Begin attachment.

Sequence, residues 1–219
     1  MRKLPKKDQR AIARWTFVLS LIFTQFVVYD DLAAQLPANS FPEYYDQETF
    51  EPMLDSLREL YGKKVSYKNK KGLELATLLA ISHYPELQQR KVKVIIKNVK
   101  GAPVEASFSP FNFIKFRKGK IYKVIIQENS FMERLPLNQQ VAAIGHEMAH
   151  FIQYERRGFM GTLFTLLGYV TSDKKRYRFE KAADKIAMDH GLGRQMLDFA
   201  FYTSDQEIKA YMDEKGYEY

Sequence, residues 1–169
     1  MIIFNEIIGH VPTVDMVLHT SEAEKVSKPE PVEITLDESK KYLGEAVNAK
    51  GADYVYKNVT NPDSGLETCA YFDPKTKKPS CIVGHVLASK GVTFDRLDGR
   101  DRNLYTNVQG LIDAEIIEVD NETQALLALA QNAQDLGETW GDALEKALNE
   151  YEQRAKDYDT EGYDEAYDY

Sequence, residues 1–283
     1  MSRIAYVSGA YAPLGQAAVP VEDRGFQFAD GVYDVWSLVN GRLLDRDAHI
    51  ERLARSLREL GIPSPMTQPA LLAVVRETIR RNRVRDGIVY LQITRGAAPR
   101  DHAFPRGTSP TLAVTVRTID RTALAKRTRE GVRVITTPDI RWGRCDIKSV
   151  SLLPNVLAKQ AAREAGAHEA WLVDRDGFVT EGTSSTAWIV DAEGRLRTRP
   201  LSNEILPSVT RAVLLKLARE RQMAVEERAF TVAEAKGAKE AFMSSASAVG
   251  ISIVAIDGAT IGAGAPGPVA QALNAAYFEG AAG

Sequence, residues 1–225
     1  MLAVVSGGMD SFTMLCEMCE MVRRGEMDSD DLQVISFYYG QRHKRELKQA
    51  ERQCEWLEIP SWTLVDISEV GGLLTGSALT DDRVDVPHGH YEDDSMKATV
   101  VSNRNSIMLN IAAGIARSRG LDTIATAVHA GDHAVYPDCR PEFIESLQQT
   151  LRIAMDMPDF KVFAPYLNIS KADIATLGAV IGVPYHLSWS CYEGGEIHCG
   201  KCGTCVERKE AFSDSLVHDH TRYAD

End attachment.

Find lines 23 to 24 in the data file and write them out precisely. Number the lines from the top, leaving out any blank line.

   151  LRIAMDMPDF KVFAPYLNIS KADIATLGAV IGVPYHLSWS CYEGGEIHCG
   201  KCGTCVERKE AFSDSLVHDH TRYAD